• Tropical Ecology and Conservation – field course, usually to either Borneo or Cape Verde


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Are you passionate about animal welfare and keen to shape the management of the zoos of the future? Students from over 20 nationalities have chosen our unique programme, the first of its kind in the world. Read more
Are you passionate about animal welfare and keen to shape the management of the zoos of the future? Students from over 20 nationalities have chosen our unique programme, the first of its kind in the world. Study factors affecting animal behaviour, conservation, welfare and their interactions, as well as international zoo management and collaboration. Our partnership with Paignton Zoo gives you regular access to their connections, research and expertise – so you’re primed to make a difference.

Key features

-Delivered in conjunction with the staff at Paignton Zoo and its parent body, the Whitley Wildlife Conservation Trust which also owns Newquay Zoo and Living Coasts.
-Develop your scientific knowledge, professional and technical skills as a conservation biologist. Learn how to manage animal collections for the purpose of education, conservation and wildlife research.
-Study aspects of animal behaviour and ecology, as well as how welfare, housing, nutrition and health all have a part to play in species management.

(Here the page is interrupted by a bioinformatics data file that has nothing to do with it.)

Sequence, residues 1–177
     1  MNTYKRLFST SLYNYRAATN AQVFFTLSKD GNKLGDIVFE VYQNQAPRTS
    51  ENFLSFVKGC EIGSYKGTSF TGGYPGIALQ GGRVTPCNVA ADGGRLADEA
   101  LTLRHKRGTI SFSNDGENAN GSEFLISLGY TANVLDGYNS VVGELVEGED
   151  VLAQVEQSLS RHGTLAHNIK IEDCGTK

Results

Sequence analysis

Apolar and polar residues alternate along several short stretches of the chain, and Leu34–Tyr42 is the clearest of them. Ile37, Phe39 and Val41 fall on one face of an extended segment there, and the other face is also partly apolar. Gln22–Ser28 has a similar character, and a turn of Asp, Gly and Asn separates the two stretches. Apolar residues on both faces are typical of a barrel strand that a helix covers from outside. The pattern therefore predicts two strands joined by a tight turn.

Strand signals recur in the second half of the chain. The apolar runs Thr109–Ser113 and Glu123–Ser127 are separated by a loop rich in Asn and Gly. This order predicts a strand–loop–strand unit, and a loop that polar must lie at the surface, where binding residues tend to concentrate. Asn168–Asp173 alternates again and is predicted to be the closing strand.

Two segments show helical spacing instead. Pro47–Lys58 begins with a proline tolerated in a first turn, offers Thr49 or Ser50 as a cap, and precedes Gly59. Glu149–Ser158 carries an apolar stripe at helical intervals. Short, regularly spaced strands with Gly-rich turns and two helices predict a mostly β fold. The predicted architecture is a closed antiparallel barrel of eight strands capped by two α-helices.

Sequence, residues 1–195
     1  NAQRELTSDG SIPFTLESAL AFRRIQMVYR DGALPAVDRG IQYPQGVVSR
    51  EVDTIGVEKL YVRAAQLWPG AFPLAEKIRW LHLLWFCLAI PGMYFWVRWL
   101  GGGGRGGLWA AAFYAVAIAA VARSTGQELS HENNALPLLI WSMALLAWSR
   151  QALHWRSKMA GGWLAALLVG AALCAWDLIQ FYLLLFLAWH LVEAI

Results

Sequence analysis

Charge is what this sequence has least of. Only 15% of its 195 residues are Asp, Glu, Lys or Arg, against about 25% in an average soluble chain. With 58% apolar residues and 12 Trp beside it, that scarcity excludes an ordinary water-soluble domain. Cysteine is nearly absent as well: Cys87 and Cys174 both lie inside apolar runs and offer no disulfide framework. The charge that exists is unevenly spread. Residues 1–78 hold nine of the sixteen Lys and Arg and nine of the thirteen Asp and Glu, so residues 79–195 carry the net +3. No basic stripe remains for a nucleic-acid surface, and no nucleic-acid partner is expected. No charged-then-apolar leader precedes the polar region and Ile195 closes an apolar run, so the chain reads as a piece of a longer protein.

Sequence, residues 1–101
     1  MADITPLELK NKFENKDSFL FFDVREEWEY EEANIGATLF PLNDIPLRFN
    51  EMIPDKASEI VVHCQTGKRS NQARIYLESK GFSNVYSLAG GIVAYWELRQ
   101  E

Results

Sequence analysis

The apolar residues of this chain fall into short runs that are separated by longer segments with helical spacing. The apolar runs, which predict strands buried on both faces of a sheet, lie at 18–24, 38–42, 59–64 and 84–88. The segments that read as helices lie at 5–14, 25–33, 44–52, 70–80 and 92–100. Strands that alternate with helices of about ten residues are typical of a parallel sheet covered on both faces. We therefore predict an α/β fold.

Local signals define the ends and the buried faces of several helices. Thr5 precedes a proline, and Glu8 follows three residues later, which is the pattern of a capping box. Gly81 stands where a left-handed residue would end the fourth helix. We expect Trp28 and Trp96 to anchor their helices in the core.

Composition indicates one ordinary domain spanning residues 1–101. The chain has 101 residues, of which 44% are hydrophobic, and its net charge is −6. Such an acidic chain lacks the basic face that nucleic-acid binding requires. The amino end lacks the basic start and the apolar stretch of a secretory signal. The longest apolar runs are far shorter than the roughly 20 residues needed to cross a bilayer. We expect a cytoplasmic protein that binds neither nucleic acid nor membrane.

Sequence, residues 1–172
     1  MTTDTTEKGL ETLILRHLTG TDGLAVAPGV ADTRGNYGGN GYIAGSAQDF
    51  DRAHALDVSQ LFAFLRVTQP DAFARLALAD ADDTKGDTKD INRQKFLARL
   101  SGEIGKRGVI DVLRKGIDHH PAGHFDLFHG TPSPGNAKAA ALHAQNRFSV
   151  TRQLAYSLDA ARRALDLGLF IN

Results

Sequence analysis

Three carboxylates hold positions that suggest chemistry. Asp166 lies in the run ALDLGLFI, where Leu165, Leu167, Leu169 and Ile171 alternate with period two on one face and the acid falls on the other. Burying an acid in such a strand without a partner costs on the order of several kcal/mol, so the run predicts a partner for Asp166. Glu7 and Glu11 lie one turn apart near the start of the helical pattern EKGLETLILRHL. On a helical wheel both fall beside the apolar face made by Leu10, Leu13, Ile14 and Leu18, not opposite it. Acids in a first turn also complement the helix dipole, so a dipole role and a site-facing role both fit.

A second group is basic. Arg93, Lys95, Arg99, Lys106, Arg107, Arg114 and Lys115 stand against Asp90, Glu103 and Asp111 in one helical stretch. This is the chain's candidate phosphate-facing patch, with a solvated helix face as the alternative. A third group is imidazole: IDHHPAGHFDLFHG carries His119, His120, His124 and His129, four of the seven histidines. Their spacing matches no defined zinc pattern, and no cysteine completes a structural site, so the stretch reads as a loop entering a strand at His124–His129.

-Learn to troubleshoot problems at the level of a social group within a particular zoological collection, right up to the level of a species globally. Explore how breeding programmes for endangered species are international in scope.
-Benefit from the knowledge and guidance of Plymouth University’s expert staff with specialisms including the behaviour of captive animals, animal nutrition, the welfare of captive birds and the application of population genetics to captive and natural fish populations.
-Find out how the science of zoos is used to inform government policy. Two of our teaching team are the only academic representatives on the government’s Zoos Expert Committee.
-Get behind-the-scenes insight with a day of study each week with our partners at Paignton Zoo Environmental Park. Deepen your understanding of the business and conservation work of zoos, and how networks and collaborations work between them.
-Access the latest research and information from the Whitley Wildlife Conservation Trust, including information on their co-ordinated breeding programmes for endangered species.
-Be inspired by opportunities to visit a range of zoos in the region – including Dartmoor, Bristol and Newquay – and to travel abroad for research projects. A recent student travelled to Louisiana Zoo for her research project on golden tamarin monkeys.
-Graduates work in zoos as educators, researchers, managers and keepers. Many go on to PhD study or work in further education. Other employers include the European Association for Zoos and Aquaria; the Natural History Unit (BBC); national and international conservation organisations.

Course details